How do you keep something secret when it isn't a secret?
The problem with computer technology is that there are very few 'secrets' in the true sense of the word.
Computer architecture is well documented; and the underlying mathematical and logical concepts are widely taught and understood. So barring some brilliant and unintuitive new algorithm, virtually any computer code could be reversed engineered after observing it's working function. Because once you know what a program does, it's just a matter of coding to duplicate it.
The same thing applies to most military technologies.
Look at atomic weapons. Once the physics of fission is understood, the big breakthrough has already been made. After that it's just engineering - as has been so neatly demonstrated by the recent proliferation of countries possessing or actively developing nuclear weapons.
If the US wanted to keep the atomic bomb secret longer, they should have never called it an "atom bomb." Because once they did, they hung out a great big arrow pointing down a very specific technical path for anyone else to follow. And follow they did.
Unfortunately, there's also another "inconvenient truth" surrounding military technology.
The US (like many major powers) also sells
it's military technologies to what it considers friendly powers. America's so-called 'defense contractors' are also businesses that compete in the international weapons marketplace.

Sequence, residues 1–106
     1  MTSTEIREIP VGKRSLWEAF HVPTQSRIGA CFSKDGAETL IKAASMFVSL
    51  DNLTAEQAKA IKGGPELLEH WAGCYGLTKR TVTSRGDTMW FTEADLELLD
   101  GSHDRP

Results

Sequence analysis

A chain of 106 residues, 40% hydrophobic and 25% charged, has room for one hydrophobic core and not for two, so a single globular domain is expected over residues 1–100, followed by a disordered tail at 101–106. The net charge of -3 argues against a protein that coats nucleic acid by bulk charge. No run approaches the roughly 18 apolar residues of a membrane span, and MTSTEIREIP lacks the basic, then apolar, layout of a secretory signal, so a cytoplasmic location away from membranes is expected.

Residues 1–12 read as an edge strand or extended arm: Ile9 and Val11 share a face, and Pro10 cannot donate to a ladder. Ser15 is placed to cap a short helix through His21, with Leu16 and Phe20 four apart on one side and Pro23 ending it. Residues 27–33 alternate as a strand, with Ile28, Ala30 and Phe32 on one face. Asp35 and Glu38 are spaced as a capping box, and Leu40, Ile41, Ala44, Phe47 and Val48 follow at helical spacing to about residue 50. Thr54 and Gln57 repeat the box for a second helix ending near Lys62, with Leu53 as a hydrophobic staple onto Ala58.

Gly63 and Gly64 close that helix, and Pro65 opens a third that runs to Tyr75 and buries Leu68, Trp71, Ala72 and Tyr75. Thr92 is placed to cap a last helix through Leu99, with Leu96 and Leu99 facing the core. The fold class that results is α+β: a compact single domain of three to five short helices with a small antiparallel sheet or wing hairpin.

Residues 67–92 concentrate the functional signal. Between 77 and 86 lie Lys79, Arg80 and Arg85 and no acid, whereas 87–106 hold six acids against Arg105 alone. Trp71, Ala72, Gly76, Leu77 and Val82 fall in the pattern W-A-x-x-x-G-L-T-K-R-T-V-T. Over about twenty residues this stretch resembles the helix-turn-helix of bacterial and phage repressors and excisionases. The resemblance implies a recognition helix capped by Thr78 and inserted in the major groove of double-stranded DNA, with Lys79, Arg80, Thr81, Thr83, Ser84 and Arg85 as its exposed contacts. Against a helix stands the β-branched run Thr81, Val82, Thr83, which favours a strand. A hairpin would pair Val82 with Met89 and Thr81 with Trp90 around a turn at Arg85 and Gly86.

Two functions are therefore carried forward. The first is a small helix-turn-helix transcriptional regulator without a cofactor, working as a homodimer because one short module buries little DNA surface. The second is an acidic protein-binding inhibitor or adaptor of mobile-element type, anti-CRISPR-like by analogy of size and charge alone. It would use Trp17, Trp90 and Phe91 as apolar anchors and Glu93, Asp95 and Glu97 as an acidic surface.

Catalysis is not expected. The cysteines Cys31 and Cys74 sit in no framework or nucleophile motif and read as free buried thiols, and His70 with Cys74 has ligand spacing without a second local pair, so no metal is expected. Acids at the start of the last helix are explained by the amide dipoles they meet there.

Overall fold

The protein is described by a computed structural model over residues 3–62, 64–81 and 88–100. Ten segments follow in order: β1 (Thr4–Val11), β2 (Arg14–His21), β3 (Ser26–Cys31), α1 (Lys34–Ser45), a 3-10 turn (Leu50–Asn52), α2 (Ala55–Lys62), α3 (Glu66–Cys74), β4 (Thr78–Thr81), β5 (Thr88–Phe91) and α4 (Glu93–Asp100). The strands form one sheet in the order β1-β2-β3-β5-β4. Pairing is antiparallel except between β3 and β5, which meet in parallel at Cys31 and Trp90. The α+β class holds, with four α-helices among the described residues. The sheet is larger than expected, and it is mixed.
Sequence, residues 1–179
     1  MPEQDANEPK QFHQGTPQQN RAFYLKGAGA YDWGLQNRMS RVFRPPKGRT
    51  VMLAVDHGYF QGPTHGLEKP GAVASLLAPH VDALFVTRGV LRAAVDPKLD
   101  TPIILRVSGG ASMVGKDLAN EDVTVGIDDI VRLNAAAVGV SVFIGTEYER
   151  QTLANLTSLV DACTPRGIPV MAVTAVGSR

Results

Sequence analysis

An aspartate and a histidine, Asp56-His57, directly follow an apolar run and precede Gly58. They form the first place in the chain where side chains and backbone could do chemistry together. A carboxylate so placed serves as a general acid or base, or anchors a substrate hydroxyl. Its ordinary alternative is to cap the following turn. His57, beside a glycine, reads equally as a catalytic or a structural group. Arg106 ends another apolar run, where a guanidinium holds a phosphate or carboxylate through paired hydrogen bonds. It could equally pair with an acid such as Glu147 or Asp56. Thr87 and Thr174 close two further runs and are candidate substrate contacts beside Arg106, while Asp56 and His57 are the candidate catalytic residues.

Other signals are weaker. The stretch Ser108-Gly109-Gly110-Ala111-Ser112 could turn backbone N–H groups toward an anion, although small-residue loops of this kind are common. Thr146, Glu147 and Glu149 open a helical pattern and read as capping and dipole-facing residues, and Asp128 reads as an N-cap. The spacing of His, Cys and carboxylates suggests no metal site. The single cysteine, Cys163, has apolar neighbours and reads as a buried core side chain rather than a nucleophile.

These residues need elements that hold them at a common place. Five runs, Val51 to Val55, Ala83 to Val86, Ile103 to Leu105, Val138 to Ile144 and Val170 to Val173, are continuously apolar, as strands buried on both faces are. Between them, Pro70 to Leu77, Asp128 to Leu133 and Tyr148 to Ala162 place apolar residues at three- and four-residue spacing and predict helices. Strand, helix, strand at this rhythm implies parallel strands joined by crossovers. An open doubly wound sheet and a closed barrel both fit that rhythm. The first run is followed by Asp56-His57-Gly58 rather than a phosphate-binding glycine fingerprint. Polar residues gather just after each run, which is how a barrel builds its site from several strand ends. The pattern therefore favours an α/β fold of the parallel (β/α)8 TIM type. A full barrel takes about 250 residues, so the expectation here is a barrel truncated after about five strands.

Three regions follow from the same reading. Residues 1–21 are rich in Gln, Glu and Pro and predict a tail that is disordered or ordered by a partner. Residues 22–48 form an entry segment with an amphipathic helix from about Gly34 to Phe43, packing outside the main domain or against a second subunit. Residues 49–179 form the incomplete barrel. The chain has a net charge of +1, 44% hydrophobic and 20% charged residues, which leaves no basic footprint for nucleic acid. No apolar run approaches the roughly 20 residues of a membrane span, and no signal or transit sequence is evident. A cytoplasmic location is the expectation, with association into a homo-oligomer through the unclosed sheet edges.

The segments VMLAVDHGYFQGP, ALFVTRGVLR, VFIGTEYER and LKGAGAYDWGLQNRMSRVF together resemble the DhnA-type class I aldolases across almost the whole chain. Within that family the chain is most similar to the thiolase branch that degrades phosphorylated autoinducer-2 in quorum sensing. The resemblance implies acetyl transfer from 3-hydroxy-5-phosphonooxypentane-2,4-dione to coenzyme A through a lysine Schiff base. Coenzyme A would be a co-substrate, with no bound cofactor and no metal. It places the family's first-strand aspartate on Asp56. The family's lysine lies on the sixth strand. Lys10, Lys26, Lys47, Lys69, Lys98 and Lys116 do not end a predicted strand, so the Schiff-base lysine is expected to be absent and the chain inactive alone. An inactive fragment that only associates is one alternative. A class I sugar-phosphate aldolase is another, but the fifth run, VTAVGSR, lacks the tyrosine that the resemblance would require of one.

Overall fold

You don't need to hack into an aircraft manufacturer's database to get details on their latest jetfighter. All you need to do is go to an 'air show' and grab one of their brochures. Or call them up and have one mailed to you. And if you still need more information, one of their sales reps will be happy to take you to lunch and answer any questions you may have if you're interested in buying one.
Furthermore, whatever the manufacturer won't tell you can still often be found in Jane's Guide
, which is available at many public libraries.
Sad truth is that most secret weapons aren't really 'secret weapons.' They're just products that come with sales and export restrictions attached.
FWIW: I doubt you'll ever see any "weapons grade" code up on the Pentagon's website.
Waging war is only part of what the US Military does. Much of the time, it just operates like a very large and inefficient business. And like any big business, it spends a great deal of thought, time, and money on: logistics, training, purchasing, equipment maintenance, paperwork reduction, payroll, and medical benefits.
Plenty of code (and room for improvement) just addressing those areas.